LinkedIn ghostwriting is like Twitter ghostwriting, but for LinkedIn's platform and growth algorithms. For those who have a more professional (B2B) audience, LinkedIn is the place to be.

I've grown my own LinkedIn presence by doing the following:

  • researching my audience on the platform
  • publishing original, thought-provoking content like posts and slideshow-like carousels targeted at them
  • engaging with relevant content creators in my niche
  • creating content a calendar and growth strategy

As a LinkedIn ghostwriter, you'll do the same for yourself. Then, you'll sell your content-creating and social media growth skills to others as a service.

Here's something I posted the other day:

Again, if this were your ghostwriting job, you'd publish content like this under my name.

Blog writing

Every company has a blog. They need it for SEO, thought leadership, and lead generation purposes. And those who prioritize it are 13x likelier to see a positive ROI on all their marketing efforts.

When you ask Google a question like, "How can I sell better?" you'll come across blogs like this:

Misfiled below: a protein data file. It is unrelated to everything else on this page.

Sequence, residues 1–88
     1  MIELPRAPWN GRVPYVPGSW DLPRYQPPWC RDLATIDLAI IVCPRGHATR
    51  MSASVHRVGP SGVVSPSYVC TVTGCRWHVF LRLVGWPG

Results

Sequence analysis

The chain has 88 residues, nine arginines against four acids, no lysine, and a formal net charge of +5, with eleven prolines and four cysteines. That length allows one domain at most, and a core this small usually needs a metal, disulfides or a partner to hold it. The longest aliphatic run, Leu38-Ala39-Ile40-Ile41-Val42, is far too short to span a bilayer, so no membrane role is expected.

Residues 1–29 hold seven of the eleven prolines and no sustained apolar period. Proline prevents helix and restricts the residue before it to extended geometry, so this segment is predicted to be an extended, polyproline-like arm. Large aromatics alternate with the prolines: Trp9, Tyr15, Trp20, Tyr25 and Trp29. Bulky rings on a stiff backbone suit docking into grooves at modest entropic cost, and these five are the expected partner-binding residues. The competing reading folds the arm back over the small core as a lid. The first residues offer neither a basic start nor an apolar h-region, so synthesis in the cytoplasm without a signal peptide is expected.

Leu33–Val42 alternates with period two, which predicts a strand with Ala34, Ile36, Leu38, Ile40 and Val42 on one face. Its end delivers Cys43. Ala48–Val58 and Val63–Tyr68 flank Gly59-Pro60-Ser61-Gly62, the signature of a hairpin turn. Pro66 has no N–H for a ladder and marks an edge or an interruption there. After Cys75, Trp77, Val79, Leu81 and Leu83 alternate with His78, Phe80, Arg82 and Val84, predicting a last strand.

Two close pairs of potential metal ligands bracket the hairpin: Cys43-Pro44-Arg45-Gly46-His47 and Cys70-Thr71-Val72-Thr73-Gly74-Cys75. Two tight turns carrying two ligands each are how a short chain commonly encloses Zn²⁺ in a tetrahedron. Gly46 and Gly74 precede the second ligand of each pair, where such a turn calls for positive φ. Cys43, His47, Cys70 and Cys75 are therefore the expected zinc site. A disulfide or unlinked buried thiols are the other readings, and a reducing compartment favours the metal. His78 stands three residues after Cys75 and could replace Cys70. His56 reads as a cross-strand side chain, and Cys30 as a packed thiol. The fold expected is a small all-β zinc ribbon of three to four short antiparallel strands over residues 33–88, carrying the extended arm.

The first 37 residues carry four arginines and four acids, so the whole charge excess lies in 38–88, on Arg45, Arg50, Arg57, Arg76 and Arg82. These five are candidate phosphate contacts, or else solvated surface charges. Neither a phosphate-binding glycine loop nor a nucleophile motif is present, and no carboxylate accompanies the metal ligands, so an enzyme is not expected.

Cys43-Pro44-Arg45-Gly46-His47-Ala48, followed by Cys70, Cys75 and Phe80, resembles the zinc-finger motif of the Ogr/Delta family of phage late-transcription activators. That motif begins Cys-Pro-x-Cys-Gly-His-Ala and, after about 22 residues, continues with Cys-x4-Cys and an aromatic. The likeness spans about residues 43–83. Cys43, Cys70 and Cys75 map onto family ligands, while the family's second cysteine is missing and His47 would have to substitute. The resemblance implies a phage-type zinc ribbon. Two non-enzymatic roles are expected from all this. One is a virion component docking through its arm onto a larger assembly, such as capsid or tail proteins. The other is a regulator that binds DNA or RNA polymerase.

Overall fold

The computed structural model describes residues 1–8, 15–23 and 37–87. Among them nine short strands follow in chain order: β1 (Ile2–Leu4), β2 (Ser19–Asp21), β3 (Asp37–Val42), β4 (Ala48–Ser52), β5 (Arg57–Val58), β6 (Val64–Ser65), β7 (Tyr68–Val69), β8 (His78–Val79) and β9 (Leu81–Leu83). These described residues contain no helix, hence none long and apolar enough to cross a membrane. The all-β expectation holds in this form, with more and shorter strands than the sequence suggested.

90% of the time, the guy (or gal) who "wrote" it is different from the person who wrote it.

As a blog post ghostwriter, you'll write articles for high-traffic websites that already have an audience. You'll write about topics related to their products and customers' interests.

Depending on how you structure your copywriting rates, your clients will pay you per word or a flat rate.

YouTube script writing

If you're trying to make money as a creative writer, scriptwriting is your jam.

Accounts like this work with YouTube ghostwriters to find creative new ways to engage their audience:

And businesses like this need to publish YouTube content to rank for certain keywords, cover topics their target customers are interested in, and increase brand awareness: